20 22. award: Problem 4 24 Calculating Present Values [LO 2] You need $89,000 in 8 years. If you can earn.56 percent per month, how much will you have to deposit today? (Enter rounded answer as directed, but do not use rounded numbers in intermediate calculations. Round your answer to 2 decimal places (e.g., 32.16).) Amount to deposit $ 52, ± 0.1% The time line is: 0 96 PV $89,000 To find the PV of a lump sum, we use: PV = FV / (1 + r) t PV = $89,000 / (1.0056) 96 PV = $52, Calculator Solution: Note: Intermediate answers are shown below as rounded, but the full answer was used to complete the calculation. Enter 96.56% $89,000 Solve for $52, Worksheet Difficulty: Intermediate Problem 4 24 Calculating Present Values [LO 2] Learning Objective: Determine the present value of cash to be received at a future date. 23. award: Problem 4 26 Calculating Future Values [LO 1] You have $17,000 you want to invest for the next 24 years. You are offered an investment plan that will pay you 8 percent per year for the next 12 years and 12 percent per year for the last 12 years. Requirement 1: How much will you have at the end of the 24 years? (Enter rounded answer as directed, but do not use rounded numbers in intermediate calculations. Round your answer to 2 decimal places (e.g., 32.16).) Amount $ 166, ± 0.1% Requirement 2: If the investment plan pays you 12 percent per year for the first 12 years and 8 percent per year for the next 12 years, how much will you have at the end of the 24 years? (Enter rounded answer as directed, but do not use rounded numbers in intermediate calculations. Round your answer to 2 decimal places (e.g., 32.16).) Amount $ 166, ± 0.1% 21/23

21 The time line is: 0 12 $17,000 FV In this case, we have an investment that earns two different interest rates. We will calculate the value of the investment at the end of the first 12 years, then use this value with the second interest rate to find the final value at the end of 24 years. Using the future value equation, at the end of the first 12 years, the account will be worth: Value in 12 years = PV(1 + r) t Value in 12 years = $17,000(1.08) 12 Value in 12 years = $42, Now we can find out how much this will be worth 12 years later at the end of the investment. Using the future value equation, we find: Value in 24 years = PV(1 + r) t Value in 24 years = $42,808.89(1.12) 12 Value in 24 years = $166, It is irrelevant which interest rate is offered when as long as each interest rate is offered for 12 years. We can find the value of the initial investment in 24 years with the following: FV = PV(1 + r 1 ) t (1 + r 2 ) t FV = $17,000(1.08) 12 (1.12) 12 FV = $166, With the commutative property of multiplication, it does not matter in which order the interest rates occur, the final value will always be the same. Calculator Solution: Note: Intermediate answers are shown below as rounded, but the full answer was used to complete the calculation. Enter 12 8% $17,000 Solve for $42, Enter 12 12% $42, Solve for $166, Worksheet Difficulty: Challenge Problem 4 26 Calculating Future Values [LO 1] Learning Objective: Determine the future value of an investment made today. 22/23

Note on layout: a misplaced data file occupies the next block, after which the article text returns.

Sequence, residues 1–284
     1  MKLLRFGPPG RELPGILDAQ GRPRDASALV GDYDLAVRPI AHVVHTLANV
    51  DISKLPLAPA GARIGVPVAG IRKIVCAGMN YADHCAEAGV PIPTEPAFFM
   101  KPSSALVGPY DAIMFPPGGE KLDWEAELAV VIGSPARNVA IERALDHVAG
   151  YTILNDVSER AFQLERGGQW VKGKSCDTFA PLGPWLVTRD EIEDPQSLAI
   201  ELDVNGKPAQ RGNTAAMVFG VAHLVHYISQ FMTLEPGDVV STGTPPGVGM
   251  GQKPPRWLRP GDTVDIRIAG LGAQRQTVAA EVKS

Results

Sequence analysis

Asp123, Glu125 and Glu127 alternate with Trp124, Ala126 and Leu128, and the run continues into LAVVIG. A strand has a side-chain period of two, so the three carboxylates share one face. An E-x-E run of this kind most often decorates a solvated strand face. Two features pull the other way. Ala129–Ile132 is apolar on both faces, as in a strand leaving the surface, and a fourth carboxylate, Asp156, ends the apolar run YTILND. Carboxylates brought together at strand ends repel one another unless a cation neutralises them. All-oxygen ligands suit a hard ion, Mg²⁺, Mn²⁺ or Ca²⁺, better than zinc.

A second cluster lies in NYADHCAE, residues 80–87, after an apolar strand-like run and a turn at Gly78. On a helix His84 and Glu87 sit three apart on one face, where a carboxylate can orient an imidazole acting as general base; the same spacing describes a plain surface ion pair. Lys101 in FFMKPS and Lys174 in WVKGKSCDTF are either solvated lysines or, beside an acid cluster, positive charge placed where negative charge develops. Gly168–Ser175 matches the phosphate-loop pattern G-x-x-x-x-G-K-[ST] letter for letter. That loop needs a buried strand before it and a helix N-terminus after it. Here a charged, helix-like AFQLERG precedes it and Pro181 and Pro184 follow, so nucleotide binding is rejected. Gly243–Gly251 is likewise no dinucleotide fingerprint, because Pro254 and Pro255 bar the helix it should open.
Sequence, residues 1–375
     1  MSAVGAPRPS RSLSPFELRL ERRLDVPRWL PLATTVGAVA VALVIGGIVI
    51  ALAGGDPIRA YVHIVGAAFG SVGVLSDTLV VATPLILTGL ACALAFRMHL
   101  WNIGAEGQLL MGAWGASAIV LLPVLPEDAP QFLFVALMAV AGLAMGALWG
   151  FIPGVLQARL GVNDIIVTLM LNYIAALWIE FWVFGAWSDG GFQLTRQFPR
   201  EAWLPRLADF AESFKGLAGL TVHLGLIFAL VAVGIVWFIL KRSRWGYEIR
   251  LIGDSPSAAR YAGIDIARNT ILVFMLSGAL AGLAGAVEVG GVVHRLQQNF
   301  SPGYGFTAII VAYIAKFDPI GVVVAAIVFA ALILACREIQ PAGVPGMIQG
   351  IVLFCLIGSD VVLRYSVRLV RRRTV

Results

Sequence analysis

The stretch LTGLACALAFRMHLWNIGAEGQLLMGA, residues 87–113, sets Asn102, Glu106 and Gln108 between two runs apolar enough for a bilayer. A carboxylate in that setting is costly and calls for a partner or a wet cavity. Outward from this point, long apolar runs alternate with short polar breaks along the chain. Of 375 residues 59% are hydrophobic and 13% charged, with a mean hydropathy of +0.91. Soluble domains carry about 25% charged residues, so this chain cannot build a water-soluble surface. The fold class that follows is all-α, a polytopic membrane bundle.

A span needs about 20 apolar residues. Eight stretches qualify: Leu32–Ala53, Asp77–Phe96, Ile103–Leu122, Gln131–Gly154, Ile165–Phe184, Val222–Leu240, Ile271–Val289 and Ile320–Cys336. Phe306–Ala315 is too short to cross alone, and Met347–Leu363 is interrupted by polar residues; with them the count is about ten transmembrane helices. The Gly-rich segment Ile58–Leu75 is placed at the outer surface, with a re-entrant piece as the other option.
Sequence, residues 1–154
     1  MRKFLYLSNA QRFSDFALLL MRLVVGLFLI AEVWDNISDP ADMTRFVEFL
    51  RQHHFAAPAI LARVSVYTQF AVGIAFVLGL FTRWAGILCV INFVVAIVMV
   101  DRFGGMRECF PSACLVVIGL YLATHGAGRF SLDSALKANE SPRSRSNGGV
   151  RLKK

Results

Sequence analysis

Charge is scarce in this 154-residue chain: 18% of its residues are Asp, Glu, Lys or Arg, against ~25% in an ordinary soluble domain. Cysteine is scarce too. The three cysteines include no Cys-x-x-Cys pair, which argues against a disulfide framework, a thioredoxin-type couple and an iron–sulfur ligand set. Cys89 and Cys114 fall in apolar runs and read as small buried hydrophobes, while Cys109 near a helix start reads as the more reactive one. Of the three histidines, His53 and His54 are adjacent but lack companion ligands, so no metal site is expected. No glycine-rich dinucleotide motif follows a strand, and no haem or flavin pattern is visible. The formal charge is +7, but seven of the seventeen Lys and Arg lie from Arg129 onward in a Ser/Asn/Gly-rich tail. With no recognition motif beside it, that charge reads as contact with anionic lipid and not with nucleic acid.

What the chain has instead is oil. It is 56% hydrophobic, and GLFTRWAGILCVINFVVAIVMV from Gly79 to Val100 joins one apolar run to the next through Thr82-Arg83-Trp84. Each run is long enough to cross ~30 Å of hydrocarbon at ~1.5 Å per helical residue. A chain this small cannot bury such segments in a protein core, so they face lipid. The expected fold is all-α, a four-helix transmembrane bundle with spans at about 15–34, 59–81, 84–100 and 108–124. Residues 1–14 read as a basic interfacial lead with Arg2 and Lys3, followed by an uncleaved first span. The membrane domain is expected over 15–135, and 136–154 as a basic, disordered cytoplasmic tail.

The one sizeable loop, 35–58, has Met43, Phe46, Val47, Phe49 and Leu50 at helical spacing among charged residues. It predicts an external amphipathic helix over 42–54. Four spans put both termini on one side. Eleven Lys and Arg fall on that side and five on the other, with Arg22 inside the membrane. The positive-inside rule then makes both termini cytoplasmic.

22 24. award: Problem 4 6 Calculating Rates of Return [LO 3] Assume the total cost of a college education will be $360,000 when your child enters college in 15 years. You presently have $58,000 to invest. What annual rate of interest must you earn on your investment to cover the cost of your child s college education? (Round your answer as directed, but do not use rounded numbers in intermediate calculations. Enter your answer as a percent rounded to 2 decimal places (e.g., 32.16).) Annual rate ± 1% % The time line is: 0 15 $58,000 $360,000 To answer this question, we can use either the FV or the PV formula. Both will give the same answer since they are the inverse of each other. We will use the FV formula, that is: FV = PV(1 + r) t Solving for r, we get: r = (FV / PV) 1 / t 1 r = ($360,000 / $58,000) 1/15 1 r =.1294, or 12.94% Calculator Solution: Note: Intermediate answers are shown below as rounded, but the full answer was used to complete the calculation. Enter 15 $58,000 $360,000 Solve for 12.94% View Hint #1 View Hint #2 Worksheet Difficulty: Basic Problem 4 6 Calculating Rates of Return [LO 3] Learning Objective: Calculate the return on an investment. 23/23